elizabeth lane lawley
michael "OC" clarke
e v h e a d
sweet fancy moses
wood s lot
m. melting object
Sunday, September 12, 2004
it's a spiritual thing
I saw her today at the reception
in her glass was a bleeding man
she was practiced at the art of deception
I could tell by her bloodstained hands
you can't always get what you want / stones
"Shopping is not just about food, shoes, cars, or furniture items. The avid never-ending search for new and improved examples and recipes for life is also a variety of shopping, and a most important variety, to be sure, in the light of the twin lessons that our happiness depends on personal competence but that we are... personally incompetent, or not as competent as we should or could be if only we tried harder. There are so many areas in which we need to be more competent, and each calls for 'shopping around.' We 'shop' for the skills we need to earn our living and for the means to convince would-be employers that we have them; for the kind of image it would be nice to wear and ways to make others believe that we are what we wear; for ways of making new friends we want and the ways of getting rid of past friends no longer wanted; for ways of drawing attention and ways to hide from scrutiny; for the means to squeeze most satisfaction out of love and the means to avoid becoming 'dependent' on the loved or loving partner; for ways to earn the love of the beloved and the least costly way of finishing off the union once love has faded and the relationship has ceased to please... There is no end to the shopping list. Yet however long the list, the way to opt out of shopping is not on it.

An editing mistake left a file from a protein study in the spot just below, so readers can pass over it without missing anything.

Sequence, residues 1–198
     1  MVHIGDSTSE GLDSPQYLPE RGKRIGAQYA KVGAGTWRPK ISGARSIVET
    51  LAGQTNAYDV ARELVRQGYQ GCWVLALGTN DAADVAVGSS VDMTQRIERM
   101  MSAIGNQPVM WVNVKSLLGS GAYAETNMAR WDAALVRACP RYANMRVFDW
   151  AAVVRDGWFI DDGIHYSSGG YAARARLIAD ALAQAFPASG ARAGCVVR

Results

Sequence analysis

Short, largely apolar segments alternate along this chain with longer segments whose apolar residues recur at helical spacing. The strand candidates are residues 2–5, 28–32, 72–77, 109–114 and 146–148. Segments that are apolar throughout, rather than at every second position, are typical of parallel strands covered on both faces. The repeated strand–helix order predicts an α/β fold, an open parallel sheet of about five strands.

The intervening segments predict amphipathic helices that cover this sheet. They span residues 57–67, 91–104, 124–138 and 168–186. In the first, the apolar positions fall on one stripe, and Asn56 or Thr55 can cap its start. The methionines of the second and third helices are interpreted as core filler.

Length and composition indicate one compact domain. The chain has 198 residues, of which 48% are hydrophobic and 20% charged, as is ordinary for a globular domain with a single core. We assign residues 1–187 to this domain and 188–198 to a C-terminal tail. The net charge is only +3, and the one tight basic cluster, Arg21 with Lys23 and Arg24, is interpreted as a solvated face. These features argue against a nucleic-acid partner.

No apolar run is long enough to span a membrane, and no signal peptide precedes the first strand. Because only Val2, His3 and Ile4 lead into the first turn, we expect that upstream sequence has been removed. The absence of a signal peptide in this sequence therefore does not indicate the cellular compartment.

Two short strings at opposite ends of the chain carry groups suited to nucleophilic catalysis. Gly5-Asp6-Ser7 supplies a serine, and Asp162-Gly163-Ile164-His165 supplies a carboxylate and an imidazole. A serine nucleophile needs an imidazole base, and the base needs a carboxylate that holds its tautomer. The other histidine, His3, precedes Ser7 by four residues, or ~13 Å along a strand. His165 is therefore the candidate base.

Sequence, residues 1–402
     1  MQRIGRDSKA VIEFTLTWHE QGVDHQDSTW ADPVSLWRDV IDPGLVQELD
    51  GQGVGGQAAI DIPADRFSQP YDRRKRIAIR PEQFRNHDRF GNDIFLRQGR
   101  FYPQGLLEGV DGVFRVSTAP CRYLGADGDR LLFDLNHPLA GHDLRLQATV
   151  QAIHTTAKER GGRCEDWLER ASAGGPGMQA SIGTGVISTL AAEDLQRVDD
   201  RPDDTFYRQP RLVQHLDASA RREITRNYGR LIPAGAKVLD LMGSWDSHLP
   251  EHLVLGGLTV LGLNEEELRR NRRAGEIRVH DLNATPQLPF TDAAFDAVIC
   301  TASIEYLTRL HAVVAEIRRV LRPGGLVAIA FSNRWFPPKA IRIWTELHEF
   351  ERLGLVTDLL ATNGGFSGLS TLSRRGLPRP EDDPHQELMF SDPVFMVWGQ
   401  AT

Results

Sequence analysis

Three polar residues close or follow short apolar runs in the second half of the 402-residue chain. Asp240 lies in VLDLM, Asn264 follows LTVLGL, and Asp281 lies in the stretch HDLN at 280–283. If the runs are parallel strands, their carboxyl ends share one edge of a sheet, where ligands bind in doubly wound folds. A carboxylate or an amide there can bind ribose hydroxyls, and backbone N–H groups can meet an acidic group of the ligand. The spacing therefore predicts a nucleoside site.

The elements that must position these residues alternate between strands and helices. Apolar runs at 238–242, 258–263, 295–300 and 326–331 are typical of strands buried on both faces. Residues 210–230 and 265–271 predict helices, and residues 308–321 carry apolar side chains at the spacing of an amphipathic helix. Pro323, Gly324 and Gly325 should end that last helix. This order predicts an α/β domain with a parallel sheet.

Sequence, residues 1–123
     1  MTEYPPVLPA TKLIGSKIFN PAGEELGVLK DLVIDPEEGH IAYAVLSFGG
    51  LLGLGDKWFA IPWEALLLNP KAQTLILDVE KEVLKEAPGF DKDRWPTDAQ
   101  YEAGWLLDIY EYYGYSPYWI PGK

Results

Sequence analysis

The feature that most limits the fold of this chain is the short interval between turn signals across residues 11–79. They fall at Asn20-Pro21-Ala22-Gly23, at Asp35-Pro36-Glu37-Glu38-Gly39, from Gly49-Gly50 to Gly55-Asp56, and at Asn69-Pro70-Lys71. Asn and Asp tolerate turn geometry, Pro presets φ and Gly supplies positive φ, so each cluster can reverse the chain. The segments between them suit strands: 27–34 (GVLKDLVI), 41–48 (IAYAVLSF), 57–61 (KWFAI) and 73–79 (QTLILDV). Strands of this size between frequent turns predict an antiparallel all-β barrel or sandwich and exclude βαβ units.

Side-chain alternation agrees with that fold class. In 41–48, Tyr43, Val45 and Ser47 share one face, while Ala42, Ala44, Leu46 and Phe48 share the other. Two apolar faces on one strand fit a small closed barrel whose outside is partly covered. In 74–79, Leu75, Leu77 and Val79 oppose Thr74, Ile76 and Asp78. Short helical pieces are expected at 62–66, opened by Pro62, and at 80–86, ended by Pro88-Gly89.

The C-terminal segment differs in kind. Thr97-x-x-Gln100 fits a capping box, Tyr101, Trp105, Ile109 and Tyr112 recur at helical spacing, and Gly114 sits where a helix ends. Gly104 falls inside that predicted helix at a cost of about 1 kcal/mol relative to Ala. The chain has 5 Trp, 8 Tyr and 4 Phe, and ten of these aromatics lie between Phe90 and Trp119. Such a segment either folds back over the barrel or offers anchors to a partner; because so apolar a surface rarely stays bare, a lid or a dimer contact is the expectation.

by Zygmunt Bauman
Polity Press, July 2000
On the Frailty of Human Bonds
"There are solid enough grounds to see love, and particularly the state of 'being in love,' as -- almost by its nature -- a recurrent condition, amenable to repetition, even inviting repeated attempts. When pressed, most of us would name a number of times when we felt we had fallen in love and were in love. One can guess (but it will be an informed guess) that in our times the ranks of people who tend to attach the name of love to more than one of their life experiences, who would not vouch that the love they are currently experiencing is the last, and who expect there are more such experiences yet to come, is growing fast. If the guess proves right, one should not be amazed. After all, the romantic definition of love as 'till death us do part' is decidedly out of fashion -- having passed its use-by date because of the radical overhaul of the kinship structures it used to serve and from which it drew its vigor and self-importance. But the demise of that notion means, inevitably, the easing of the tests an experience must pass to be assigned as 'love.' Rather than more people rising to the high standards of love on more occasions, the standards have been lowered; as a result the set of experiences referred to by the love word has expanded enormously. One-night stands are talked about under the code name of 'making love.'
Liquid Love: On the Frailty of Human Bonds
by Zygmunt Bauman
Polity Press, June 2003
2:47 AM | link |
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at a major industry conference,
chris locke once again captures the real story.